A local economic index jumped in November by its biggest margin in more than half a year, owing to improvement in the areas of consumer confidence, residential permitting activity and initial claims for unemployment.

The 0.3 percent gain in the University of San Diego Burnham-Moores Center for Real Estate’s Index of Leading Economic Indicators for San Diego County came despite declines in local stock prices and help-wanted ads.

After a steep rise followed by a modest correction in 2015, the monthly updated index was relatively flat in 2016. Since April, the gauge has risen twice, fallen four times and once remained unchanged.

Comments accompanying the update, released Jan. 5, predicted continuing but slower local economic growth in 2017. The center said the region is expected to add 25,000 jobs this year, and that the county’s unemployment rate is likely to increase to 4.6 percent from the current 4.3 percent.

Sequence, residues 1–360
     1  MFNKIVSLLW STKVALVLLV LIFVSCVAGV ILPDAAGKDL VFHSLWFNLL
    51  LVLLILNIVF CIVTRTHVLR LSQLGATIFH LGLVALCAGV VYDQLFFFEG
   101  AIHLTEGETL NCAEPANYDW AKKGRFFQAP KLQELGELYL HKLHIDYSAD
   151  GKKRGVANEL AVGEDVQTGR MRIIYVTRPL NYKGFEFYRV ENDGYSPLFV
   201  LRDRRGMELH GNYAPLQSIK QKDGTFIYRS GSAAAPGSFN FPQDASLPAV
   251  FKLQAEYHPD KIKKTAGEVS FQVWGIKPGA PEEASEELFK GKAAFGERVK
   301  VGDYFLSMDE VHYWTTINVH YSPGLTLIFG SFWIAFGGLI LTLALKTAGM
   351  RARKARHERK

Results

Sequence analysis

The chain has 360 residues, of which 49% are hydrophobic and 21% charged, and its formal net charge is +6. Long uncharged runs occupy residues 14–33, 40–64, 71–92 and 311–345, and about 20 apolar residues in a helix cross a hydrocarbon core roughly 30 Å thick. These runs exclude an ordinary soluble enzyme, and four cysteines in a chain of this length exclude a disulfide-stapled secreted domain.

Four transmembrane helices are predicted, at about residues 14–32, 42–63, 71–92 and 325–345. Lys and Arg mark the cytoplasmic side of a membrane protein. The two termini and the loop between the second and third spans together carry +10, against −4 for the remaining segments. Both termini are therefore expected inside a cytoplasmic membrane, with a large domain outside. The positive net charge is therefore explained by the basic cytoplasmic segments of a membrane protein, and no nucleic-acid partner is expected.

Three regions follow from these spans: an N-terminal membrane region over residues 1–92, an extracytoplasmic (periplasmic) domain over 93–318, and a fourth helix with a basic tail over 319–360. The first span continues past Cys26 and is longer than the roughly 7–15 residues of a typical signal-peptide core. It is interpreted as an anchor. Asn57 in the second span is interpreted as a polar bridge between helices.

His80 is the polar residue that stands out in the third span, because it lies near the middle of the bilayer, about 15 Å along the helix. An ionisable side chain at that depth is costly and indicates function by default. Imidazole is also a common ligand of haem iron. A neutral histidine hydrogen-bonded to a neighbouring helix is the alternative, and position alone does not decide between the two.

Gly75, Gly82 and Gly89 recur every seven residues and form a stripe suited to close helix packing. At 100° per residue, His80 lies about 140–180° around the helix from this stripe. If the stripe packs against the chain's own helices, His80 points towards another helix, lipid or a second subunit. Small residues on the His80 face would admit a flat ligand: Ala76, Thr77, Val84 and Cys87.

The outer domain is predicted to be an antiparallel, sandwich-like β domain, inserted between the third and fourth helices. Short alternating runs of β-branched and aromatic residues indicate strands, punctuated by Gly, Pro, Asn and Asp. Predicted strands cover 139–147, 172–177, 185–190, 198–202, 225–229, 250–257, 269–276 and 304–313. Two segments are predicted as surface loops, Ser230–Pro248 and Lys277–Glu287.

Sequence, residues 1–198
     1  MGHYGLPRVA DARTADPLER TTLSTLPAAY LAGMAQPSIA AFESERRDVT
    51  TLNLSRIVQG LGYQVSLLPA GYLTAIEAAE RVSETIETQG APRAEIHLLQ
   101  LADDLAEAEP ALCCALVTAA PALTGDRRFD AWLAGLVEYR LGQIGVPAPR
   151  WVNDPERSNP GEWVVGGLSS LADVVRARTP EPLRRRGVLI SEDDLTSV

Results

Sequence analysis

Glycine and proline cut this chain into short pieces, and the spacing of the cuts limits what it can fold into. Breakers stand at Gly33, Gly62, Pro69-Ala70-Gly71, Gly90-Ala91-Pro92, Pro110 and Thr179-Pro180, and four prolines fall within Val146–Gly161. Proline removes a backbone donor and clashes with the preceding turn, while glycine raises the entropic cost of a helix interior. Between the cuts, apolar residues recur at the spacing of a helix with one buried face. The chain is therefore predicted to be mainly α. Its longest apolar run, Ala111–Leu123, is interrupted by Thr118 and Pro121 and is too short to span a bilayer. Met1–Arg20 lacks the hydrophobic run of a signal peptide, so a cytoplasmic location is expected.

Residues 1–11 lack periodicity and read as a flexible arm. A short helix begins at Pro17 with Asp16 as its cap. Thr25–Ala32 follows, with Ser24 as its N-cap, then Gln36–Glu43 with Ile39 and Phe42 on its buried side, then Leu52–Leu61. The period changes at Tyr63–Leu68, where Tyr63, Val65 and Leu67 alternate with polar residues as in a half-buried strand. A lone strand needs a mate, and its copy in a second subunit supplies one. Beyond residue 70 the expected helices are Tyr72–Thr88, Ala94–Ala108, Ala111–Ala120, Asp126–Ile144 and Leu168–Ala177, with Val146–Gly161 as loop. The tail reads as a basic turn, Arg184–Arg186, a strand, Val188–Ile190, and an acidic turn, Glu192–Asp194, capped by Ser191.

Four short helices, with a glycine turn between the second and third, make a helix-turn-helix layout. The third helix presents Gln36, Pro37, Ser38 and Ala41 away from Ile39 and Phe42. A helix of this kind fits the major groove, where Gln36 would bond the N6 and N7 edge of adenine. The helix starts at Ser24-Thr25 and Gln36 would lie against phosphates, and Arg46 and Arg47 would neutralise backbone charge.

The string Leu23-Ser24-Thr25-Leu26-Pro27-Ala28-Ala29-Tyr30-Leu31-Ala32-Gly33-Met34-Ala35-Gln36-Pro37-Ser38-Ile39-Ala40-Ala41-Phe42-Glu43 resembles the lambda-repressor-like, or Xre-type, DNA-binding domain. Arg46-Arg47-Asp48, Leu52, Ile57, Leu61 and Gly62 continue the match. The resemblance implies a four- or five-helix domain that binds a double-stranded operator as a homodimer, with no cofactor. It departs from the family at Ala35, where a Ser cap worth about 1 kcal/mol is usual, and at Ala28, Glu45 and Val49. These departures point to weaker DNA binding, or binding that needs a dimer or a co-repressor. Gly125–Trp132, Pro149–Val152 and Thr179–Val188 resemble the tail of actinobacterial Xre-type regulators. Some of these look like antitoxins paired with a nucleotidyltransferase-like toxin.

“While November’s increase is welcome news, more is needed in the coming months to adjust the outlook, which is currently for a positive but slower growing local economy in 2017,” the update stated.

Authorizations for multifamily residential construction increased for a second consecutive month in November, which is typically a very slow time for such permits, the two-page report noted.

It said the labor market was mixed. A tally of unemployment insurance claims improved at a time of year when it typically doesn’t, while help wanted advertising declined for an eighth straight month.

Meanwhile, consumer confidence grew for a fifth consecutive month and local stock prices declined overall, even though they ended November higher than they were at the month’s start.

The only other component of the local gauge, the national Index of Leading Economic Indicators, held steady in November.